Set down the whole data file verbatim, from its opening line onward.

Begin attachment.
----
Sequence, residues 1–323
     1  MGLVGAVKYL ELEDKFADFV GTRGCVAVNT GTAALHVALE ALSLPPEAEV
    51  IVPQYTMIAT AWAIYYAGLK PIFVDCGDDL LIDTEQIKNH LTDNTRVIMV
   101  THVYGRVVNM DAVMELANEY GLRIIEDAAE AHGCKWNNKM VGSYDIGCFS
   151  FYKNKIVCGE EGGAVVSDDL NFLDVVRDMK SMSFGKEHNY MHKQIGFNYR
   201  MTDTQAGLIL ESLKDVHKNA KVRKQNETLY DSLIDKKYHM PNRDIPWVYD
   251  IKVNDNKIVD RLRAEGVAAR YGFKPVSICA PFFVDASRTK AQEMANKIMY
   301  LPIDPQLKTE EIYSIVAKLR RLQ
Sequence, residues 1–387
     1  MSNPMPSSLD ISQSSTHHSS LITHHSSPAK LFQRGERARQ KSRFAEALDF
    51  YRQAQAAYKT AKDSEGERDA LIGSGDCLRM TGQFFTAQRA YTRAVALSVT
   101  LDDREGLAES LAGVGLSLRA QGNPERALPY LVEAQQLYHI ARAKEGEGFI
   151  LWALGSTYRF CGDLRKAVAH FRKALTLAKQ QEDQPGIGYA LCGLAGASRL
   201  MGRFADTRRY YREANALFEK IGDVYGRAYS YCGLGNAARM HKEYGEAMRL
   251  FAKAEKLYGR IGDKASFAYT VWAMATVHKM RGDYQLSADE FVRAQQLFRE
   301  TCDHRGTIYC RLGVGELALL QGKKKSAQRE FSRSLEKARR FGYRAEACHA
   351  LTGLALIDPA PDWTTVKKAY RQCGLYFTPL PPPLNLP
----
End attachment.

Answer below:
Sequence, residues 1–323
     1  MGLVGAVKYL ELEDKFADFV GTRGCVAVNT GTAALHVALE ALSLPPEAEV
    51  IVPQYTMIAT AWAIYYAGLK PIFVDCGDDL LIDTEQIKNH LTDNTRVIMV
   101  THVYGRVVNM DAVMELANEY GLRIIEDAAE AHGCKWNNKM VGSYDIGCFS
   151  FYKNKIVCGE EGGAVVSDDL NFLDVVRDMK SMSFGKEHNY MHKQIGFNYR
   201  MTDTQAGLIL ESLKDVHKNA KVRKQNETLY DSLIDKKYHM PNRDIPWVYD
   251  IKVNDNKIVD RLRAEGVAAR YGFKPVSICA PFFVDASRTK AQEMANKIMY
   301  LPIDPQLKTE EIYSIVAKLR RLQ
Sequence, residues 1–387
     1  MSNPMPSSLD ISQSSTHHSS LITHHSSPAK LFQRGERARQ KSRFAEALDF
    51  YRQAQAAYKT AKDSEGERDA LIGSGDCLRM TGQFFTAQRA YTRAVALSVT
   101  LDDREGLAES LAGVGLSLRA QGNPERALPY LVEAQQLYHI ARAKEGEGFI
   151  LWALGSTYRF CGDLRKAVAH FRKALTLAKQ QEDQPGIGYA LCGLAGASRL
   201  MGRFADTRRY YREANALFEK IGDVYGRAYS YCGLGNAARM HKEYGEAMRL
   251  FAKAEKLYGR IGDKASFAYT VWAMATVHKM RGDYQLSADE FVRAQQLFRE
   301  TCDHRGTIYC RLGVGELALL QGKKKSAQRE FSRSLEKARR FGYRAEACHA
   351  LTGLALIDPA PDWTTVKKAY RQCGLYFTPL PPPLNLP